The characters are very quirky and memorable, which actually will lead into one of the only problems I have with “Journey to the West“. On paper, the set-up is familiar. Xuan Zang is a young, naive and inexperienced monk who wishes to do good, but he’s constantly out-shined by Duan (Shu Qi). In most films, he would follow her around and become a total bother until his good nature starts to rub off on her. “Journey to the West” avoids this cliche by having Duan fall in love with him instead, despite- or because of?- his weaker traits. Now she’s following him around, trying to get him to return her feelings with some baffling scenarios. They have great chemistry and their interactions are always very entertaining. Their development also becomes more apparent every time they appear on the screen, which is very difficult to pull off without feeling forced. The supporting cast is a lot of fun too, with Bo Huang nearly stealing the show as the Monkey King. He strikes the perfect balance of silly and sinister. There isn’t a single bland characterization, but the problem is “Journey to the West” doesn’t always know what to do with its cast. A large chunk of characters vanish without a trace and I was left feeling that there was something…restricted…about the narrative. Sometimes the segments flow into the next too abruptly and I think this could’ve been fixed by adding to the running-time. Despite not being a short movie, the movie does feel too short. I wanted to see more of these characters and how they effect the story, but I guess that says something when you’re only major complaint is ‘it needed to be longer’. Awesome.


The locations are constructed using photo-realistic CGI and it looks gorgeous. There isn’t a single mundane set or shot, each visually burning its own place within our memories. The colorful backgrounds are very appealing and the demons were creatively designed. Even when the Computer Generated Imagery looks phony, the visuals are so outlandish and otherworldly that they don’t necessarily have to look completely realistic. The boar was probably the only weak spot as it resembles a normal- albeit much larger- boar, so lacks the fantastic color designs and strange shapes that other CG effects rely on. As for the martial arts, “Journey to the West” delivers the same kind of action that we got in “Shaolin Soccer” and “Kung Fu Hustle“, although the fantasy elements are more prevalent. There is a mix of traditional choreography, wire works and CGI and it meshes together incredibly well. Every fighter is equipped with their own gimmick, whether it’s being able to manipulate iron rings, increase the size of their limbs or seemingly being able to control various weapons with their minds. The demons usually have multiple styles of combat, the first being when they are in their humanoid form, but they will step it up when they turn into giant monsters- which are significantly more dangerous. None of the action scenes grew stale because each one is different, either introducing a new kind of foe or a stipulation that changes the dynamic of the battles. The finale is outright crazy, making all of the previous epic fights seem small and insignificant in comparison. The pacing is brisk because everything is balanced out so smoothly, so you never go long without combat, suspense or comedy. The beauty of this movie though…well, beyond the obvious aesthetic application of that term…is how well it plays our emotions. “Journey to West” pretty much made me experience every emotion that it wanted me to feel, even if they were contradictory and were piled together in the same scene. during the same scene. I don’t know if I’d say this is the best work of Stephen Chow, but it pulled out a stronger reaction from me. I demand a sequel! That hook was brilliant! Speaking of which, the music is cool because it blends classical Chinese elements with spaghetti western motifs. It was perfect for an adventure film  and its use during the ending added a whole new level of emotion. Awesome. Awesome. Awesome. Awesome. AWESOME!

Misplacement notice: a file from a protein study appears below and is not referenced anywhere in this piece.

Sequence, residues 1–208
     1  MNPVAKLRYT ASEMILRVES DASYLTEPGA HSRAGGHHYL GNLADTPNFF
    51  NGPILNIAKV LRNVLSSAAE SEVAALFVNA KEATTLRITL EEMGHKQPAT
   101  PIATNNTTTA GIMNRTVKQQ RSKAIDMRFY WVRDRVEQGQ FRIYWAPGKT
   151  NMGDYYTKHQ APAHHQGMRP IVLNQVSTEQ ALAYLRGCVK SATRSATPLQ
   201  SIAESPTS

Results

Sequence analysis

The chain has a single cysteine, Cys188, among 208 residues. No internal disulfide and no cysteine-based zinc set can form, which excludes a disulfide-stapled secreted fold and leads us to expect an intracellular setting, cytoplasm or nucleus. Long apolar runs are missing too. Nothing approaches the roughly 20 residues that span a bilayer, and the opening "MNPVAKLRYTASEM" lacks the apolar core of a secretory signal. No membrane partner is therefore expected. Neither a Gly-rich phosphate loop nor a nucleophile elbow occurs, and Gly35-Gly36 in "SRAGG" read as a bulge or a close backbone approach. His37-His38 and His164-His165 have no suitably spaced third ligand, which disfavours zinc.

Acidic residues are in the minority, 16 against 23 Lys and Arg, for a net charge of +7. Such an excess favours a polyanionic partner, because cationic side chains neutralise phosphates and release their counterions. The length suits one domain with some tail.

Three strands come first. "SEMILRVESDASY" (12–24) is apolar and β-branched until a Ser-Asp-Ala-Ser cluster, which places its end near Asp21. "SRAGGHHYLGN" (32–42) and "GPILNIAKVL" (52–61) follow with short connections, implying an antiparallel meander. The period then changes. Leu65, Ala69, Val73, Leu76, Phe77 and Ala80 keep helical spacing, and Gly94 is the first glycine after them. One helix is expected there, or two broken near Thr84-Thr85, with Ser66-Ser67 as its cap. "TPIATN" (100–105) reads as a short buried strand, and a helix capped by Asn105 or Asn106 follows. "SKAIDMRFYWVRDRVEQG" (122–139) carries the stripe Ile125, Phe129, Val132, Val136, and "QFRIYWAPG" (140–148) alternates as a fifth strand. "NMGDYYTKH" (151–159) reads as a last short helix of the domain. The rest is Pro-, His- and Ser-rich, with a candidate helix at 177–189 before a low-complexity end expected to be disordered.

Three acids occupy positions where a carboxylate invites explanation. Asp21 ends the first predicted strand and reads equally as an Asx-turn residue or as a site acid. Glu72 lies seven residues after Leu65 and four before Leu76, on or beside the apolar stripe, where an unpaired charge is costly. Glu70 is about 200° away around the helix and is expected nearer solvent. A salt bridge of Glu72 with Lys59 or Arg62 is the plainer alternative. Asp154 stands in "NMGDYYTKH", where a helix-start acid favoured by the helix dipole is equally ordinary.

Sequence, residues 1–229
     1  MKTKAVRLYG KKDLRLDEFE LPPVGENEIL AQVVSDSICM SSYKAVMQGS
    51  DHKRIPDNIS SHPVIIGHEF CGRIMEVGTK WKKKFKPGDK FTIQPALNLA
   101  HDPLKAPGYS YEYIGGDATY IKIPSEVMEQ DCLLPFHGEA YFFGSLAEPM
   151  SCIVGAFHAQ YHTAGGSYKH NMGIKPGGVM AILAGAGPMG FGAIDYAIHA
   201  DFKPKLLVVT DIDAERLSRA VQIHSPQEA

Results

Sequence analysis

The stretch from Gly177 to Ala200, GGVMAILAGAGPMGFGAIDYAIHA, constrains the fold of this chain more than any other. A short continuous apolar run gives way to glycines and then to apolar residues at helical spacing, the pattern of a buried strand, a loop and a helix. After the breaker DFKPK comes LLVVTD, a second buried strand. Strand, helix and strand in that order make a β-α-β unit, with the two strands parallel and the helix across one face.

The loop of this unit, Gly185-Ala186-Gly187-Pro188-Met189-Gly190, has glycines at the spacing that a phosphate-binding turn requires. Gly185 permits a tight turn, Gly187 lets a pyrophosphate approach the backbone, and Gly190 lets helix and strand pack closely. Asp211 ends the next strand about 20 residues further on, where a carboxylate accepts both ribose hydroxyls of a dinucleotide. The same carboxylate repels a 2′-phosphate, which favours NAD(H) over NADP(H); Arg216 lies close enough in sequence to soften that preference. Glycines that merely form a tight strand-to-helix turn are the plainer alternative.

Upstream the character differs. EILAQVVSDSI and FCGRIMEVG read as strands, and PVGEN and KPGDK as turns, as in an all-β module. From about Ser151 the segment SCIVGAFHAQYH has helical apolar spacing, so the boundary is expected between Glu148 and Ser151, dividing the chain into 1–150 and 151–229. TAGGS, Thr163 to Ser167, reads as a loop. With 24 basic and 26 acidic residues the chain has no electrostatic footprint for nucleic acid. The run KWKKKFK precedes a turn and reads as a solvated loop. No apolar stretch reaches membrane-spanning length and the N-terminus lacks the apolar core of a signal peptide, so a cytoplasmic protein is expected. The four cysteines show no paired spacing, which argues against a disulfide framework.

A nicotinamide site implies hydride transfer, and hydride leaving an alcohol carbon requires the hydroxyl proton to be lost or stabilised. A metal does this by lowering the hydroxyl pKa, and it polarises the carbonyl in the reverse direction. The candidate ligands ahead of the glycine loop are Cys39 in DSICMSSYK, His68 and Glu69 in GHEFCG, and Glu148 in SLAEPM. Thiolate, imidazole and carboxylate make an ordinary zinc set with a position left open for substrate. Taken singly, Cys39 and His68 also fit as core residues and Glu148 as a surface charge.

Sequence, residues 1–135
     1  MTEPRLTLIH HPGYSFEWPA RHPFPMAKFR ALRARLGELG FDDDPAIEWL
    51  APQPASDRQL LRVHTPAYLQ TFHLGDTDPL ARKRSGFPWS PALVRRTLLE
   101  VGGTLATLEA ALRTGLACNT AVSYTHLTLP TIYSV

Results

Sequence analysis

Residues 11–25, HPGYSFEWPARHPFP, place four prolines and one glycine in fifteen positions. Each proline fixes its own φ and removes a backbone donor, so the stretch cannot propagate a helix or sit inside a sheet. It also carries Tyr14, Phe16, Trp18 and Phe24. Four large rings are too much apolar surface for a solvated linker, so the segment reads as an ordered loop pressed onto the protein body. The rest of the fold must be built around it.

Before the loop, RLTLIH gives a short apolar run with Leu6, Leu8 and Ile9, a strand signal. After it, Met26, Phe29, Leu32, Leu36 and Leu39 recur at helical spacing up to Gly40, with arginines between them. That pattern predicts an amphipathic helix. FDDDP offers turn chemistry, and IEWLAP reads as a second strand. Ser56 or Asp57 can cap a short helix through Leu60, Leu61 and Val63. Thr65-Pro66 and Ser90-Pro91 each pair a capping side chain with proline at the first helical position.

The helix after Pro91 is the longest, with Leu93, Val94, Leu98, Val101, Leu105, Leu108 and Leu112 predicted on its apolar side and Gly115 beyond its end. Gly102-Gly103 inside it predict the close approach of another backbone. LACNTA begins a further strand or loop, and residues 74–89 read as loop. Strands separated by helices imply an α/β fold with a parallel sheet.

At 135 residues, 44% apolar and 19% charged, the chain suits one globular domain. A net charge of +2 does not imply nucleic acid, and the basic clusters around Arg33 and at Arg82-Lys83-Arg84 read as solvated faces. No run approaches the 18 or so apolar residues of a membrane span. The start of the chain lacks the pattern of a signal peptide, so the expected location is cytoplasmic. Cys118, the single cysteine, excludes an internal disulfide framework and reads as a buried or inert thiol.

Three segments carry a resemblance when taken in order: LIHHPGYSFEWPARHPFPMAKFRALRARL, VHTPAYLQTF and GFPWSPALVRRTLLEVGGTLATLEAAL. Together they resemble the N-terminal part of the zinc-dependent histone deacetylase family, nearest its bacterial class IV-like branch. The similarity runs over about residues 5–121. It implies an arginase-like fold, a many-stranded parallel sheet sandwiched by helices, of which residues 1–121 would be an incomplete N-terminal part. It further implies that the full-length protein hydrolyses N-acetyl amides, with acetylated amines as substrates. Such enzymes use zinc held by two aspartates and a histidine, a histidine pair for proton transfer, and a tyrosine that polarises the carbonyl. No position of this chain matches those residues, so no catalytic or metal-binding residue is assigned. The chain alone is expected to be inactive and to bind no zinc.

Violence: PG-13. Some shockingly grisly parts.

Nudity: There is quite a bit of sexuality, with mostly people acting sexual during comedic attempts at seduction. Nothing explicit though.

Overall: “Journey to the West: Conquering the Demons” needs to become a franchise, one preferably with Stephen Chow at the helm. I thought it was awesome, but you have to be prepared for its broad comedic antics.

Rating: 4/4 ★★★★